Thursday, 21 August 2014

The Unfinished Symphony of You and Me by Lucy Robinson

 
 
From a young age, Sally Howlett has had a passionate love for opera. But growing up on a council estate, it wasn't something Sally felt she could talk openly about, especially when her parents discouraged any form of performing arts for their daughter. So Sally's love of opera became her secret.
 
But one fateful summer in New York changes Sally forever. She finds herself enrolling at opera school, going against her deepest fears. But on the night before she starts her course, a man from Sally's past turns up on her doorstep and threatens to unravel her life once more.
 
I had never read a book by Lucy Robinson before but I had heard such great things about the author's previous books that I couldn't wait to dive into The Unfinished Symphony of You and Me and I wasn't disappointed. It did take me a while to get into the book as I found the leaping around from past and present a bit confusing, but as the book went along it became much clearer to me and I could grasp what was going on. From then on I was hooked and didn't want to put the book down as I was so enthralled with the stories of Sally, Fiona and the man from Sally's past.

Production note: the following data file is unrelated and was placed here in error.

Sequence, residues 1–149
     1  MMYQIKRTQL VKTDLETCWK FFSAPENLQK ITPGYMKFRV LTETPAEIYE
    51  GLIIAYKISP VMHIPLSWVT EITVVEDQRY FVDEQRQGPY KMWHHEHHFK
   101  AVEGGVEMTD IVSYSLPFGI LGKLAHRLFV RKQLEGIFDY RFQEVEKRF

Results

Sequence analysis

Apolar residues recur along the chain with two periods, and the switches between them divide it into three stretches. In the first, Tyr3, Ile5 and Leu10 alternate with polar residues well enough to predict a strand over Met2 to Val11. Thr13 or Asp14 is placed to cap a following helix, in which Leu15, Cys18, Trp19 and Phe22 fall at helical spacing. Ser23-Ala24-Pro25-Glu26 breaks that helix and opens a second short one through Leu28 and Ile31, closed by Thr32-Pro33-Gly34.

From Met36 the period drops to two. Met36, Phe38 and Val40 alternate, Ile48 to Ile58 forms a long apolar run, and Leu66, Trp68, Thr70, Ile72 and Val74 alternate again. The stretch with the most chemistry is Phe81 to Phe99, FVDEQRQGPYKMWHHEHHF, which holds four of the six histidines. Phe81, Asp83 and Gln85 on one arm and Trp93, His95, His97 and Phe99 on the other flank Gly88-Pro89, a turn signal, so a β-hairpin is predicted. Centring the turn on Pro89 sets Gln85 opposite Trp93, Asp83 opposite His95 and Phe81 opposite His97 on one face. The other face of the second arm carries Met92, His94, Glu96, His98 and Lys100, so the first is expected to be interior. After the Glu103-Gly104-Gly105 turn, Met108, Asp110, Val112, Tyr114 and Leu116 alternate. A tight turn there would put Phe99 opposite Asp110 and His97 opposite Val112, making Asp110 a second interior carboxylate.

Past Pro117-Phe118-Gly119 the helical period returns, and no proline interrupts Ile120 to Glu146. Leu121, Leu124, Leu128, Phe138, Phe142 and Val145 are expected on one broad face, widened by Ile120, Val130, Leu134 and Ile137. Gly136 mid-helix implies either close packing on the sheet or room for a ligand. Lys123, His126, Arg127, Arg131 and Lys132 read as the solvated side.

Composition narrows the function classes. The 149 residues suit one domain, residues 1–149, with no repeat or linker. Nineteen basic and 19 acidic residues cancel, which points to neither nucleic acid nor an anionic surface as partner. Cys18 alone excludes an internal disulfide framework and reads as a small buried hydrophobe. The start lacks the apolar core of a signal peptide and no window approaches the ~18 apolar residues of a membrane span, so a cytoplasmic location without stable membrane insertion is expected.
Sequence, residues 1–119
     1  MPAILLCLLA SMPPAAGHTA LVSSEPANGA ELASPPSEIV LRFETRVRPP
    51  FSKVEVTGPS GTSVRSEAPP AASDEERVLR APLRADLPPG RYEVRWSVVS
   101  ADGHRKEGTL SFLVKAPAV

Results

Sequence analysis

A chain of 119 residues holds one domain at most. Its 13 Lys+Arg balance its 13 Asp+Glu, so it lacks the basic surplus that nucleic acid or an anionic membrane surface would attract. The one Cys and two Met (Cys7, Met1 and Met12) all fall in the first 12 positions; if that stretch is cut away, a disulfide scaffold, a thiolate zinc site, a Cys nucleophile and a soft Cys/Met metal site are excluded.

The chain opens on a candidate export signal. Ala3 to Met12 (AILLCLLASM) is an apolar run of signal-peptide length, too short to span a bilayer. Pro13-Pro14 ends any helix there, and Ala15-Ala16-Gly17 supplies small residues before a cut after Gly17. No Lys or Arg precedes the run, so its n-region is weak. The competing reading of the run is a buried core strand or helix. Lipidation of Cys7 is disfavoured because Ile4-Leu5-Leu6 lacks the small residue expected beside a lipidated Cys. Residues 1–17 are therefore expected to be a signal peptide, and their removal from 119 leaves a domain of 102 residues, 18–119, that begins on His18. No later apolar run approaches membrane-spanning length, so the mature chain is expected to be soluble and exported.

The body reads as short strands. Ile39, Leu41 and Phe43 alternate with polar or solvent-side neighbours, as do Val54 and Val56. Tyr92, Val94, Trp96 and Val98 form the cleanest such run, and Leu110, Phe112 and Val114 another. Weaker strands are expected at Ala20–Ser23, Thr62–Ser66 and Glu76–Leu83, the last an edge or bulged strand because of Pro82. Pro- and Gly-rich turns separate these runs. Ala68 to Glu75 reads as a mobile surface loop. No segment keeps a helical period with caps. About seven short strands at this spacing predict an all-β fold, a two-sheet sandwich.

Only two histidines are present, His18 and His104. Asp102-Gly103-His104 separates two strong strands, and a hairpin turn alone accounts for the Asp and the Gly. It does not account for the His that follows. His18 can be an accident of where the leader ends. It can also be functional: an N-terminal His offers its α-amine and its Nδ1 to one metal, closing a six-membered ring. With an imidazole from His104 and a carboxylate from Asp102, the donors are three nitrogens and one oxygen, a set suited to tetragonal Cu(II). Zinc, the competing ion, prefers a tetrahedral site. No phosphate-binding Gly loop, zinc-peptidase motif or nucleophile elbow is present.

The Unfinished Symphony of You and Me is full of flashes of hilarity and I found myself laughing out loud often. I wasn't sure how I would fare with the book and my lack of knowledge of opera, but the musical aspect of the book wasn't a challenge at all. There is a huge mix of characters in the book, from Sally and her cousin Fiona to their friends Barry (who I at times loved and at others wanted to tell him to keep it zipped) and Bea to Sally's new opera friends, Helen, Violet and Jan Borsos, who was my favourite character of all. I thought Jan Borsos was such a fun character whose grasp of the English language caused the majority of my laugh-out-loud moments. He was a fantastic character with a colourful background and while he was funny, he had sweet moments too.
 
The Unfinished Symphony of Me and You is a fun read but it is also a bit of an emotional rollercoaster too. We know something happened in New York, something that changed Sally's outlook, but we don't know exactly what happened until all the pieces are put together, which made an intriguing read for me. I also felt deep sympathy for Sally and the relationship she had with her parents and hoped that it could somehow be resolved. 

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